A challenging harvest across Europe

08 September 2023

A challenging European harvest

By Luke Cox, NFU Combinable Crops Advisor

EU farmers voice their frustrations at the latest Copa Cogeca meeting

In early September this year I joined Jenny Brunton from the BAB office in Brussels to attend the latest Copa Cogeca Working Party on Cereals, Oilseeds & Protein Crops. The discussions covered the challenges of harvest across Europe this summer, as well as a range of other contentious issues which European farmers are facing.

Whether it be increasing legislation on vital agrochemicals or environmental laws which do not value food production, it is important to remember that life in the EU has continued since the UK left. It is easy to look back and compare the current state of British farming against how it was pre-2020, but European farmers are battling with their own frustrations with their own parliament. As one member of Copa Cogeca put it, European farmers are working under rules and regulations set by people who don’t understand how food and farming works.

European harvest

Naturally due to the time of year, key discussions were held around the harvest performance across Europe. Each nation gave their own individual reflections on where they had got to with harvest this year, and the results they had received so far. To try and summarise their views into a single picture, it would be fair to say that Europe have faced similar challenges to us here in the UK.

Poor yields across all crops as a result of unseasonal weather patterns have squeezed profit margins this year, which were already diminished due to the high input costs experienced in growing the crop. Italy voiced some of the highest yield reductions, not helped by crops taking a battering from hail 15cm in diameter, whilst other nations blamed not just the weather but the lack of fertiliser availability for why their output was so reduced.

The major concern across the continent was for grain quality. No EU nation had a positive story to tell around the quality markets, with reports of 50% of crops being of bad quality regularly shared. Sweden highlighted significant concerns for any grain meeting the malting barley specification, and Romania were keen to share that at current prices farmers will not be making any profit.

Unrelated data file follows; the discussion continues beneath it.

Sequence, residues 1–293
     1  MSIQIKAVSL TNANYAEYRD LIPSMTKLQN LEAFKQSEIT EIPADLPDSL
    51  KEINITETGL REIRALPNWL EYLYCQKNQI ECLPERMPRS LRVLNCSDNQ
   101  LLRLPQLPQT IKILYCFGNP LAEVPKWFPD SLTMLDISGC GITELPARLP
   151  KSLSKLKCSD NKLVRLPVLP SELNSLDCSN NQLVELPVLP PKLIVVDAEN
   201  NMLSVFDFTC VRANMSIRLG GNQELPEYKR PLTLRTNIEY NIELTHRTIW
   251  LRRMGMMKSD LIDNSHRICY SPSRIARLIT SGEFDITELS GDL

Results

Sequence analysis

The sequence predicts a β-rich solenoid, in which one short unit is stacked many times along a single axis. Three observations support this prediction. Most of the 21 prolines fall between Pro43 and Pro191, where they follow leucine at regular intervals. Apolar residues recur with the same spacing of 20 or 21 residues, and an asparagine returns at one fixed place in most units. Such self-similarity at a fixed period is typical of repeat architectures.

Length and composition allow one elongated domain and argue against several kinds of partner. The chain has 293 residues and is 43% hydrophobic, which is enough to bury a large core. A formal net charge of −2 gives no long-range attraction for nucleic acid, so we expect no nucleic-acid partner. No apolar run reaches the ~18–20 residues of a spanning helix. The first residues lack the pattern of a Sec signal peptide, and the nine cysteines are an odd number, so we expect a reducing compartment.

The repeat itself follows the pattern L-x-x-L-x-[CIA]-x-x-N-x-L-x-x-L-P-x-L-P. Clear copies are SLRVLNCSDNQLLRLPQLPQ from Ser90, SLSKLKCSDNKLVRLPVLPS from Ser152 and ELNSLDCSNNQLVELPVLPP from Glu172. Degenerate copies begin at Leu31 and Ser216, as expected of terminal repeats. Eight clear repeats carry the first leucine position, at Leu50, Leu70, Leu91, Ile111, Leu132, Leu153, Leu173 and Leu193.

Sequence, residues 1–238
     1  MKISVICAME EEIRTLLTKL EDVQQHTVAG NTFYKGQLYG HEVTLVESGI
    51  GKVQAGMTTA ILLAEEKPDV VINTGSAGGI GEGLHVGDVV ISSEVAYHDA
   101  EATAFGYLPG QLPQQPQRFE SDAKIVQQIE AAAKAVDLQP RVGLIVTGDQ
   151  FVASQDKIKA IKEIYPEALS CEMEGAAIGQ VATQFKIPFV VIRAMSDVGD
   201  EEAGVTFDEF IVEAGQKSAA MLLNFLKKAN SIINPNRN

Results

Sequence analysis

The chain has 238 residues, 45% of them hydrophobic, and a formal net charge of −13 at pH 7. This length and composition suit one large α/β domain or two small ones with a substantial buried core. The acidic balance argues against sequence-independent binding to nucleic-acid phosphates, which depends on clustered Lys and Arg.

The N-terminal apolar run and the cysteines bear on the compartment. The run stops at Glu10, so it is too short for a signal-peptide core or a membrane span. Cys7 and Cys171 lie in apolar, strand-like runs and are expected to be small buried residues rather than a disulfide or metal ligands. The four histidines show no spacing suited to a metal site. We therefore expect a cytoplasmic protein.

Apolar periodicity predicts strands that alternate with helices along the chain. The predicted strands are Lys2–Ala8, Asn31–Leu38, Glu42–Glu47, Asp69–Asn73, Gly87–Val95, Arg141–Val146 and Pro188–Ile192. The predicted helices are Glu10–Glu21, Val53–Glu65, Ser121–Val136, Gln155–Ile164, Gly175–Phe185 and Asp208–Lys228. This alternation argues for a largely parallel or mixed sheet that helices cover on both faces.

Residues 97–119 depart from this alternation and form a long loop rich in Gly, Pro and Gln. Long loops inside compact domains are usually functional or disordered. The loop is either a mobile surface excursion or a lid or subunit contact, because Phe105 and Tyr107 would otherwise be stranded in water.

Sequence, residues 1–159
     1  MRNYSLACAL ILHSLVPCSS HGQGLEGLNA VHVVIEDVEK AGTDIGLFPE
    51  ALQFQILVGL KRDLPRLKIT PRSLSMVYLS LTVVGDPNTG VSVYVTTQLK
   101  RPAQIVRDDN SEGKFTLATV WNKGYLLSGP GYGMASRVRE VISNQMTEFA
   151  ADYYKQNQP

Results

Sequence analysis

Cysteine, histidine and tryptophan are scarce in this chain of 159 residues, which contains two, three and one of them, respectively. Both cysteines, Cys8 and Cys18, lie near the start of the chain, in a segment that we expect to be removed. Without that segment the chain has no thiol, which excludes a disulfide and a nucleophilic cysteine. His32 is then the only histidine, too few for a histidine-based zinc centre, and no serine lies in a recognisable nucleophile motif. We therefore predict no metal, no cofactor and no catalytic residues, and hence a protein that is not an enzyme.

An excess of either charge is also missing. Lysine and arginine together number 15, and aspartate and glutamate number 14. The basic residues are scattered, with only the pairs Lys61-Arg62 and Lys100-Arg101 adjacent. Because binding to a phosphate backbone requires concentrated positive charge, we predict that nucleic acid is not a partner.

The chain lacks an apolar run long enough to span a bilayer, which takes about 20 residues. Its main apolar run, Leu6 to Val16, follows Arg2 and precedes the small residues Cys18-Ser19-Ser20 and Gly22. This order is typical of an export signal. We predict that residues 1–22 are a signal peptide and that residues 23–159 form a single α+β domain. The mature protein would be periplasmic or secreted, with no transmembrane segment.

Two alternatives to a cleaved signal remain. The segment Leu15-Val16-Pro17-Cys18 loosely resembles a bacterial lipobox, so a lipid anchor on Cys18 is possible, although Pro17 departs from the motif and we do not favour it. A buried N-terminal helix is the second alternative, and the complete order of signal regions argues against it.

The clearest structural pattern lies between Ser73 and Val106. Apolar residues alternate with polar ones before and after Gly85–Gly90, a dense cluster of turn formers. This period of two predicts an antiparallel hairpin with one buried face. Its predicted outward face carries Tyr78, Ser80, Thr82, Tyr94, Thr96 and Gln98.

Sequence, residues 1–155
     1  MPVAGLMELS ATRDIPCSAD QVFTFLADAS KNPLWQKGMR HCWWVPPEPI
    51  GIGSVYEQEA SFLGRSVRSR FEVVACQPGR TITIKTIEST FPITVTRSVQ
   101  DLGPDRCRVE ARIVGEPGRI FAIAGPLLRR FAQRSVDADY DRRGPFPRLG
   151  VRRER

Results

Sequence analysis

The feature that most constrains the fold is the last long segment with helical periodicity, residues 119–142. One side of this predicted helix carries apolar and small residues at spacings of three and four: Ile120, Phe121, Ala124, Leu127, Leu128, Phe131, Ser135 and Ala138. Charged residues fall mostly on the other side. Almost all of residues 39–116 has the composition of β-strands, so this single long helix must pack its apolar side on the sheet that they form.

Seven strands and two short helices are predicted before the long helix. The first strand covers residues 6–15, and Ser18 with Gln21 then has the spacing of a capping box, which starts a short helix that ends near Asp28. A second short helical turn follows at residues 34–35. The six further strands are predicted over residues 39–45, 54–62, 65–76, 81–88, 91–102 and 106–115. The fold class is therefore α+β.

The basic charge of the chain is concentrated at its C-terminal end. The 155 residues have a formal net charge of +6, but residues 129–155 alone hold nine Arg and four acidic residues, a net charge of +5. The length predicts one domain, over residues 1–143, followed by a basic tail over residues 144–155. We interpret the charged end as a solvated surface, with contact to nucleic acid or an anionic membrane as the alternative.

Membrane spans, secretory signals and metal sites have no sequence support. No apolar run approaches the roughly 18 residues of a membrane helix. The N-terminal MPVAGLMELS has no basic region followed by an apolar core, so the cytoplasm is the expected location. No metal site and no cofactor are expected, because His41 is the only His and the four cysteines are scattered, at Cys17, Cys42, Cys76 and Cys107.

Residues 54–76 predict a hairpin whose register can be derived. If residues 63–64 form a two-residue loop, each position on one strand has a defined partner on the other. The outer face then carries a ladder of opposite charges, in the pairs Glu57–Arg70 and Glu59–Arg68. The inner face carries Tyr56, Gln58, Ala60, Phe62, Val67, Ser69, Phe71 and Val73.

Whilst the UK harvest is drawing to a close, there is plenty left to cut in Europe and some nations haven’t even got properly started yet. This means that the picture will continue to develop over the coming weeks.

World markets

Looking at wider market factors, global oilseed production is 5% up compared to last year, with reductions in China’s sunflower seed, Australia’s rapeseed and Malaysia’s palm kernel offset by gains in the US. The cereal harvest has been catastrophic in places, but sufficient feed grain is available due to stocks carried over from last year which will likely keep a lid on prices. Whilst production is down prices are not compensating for it like they normally might, and markets appears to be very volatile and nervous.

The events happening in Ukraine are set to continue to dominate the market story, with the volumes able to come out of Ukraine having a significant impact on global supply. Work is continuing on the solidarity lanes which have enabled grain to be exported from Ukraine without affecting the five nations which had banned the import of any Ukrainian wheat. This was due to the impact the influx of grain was having on their domestic prices, forcing market prices down and pushing farmers into financial crisis. This ban is due to be lifted on 15th September, and whilst all nations wish to support Ukraine the affected nations are adamant it cannot be at such an expense to their countries. As one member put it, there would be an uprising if the ban were to be lifted with no other measures in place.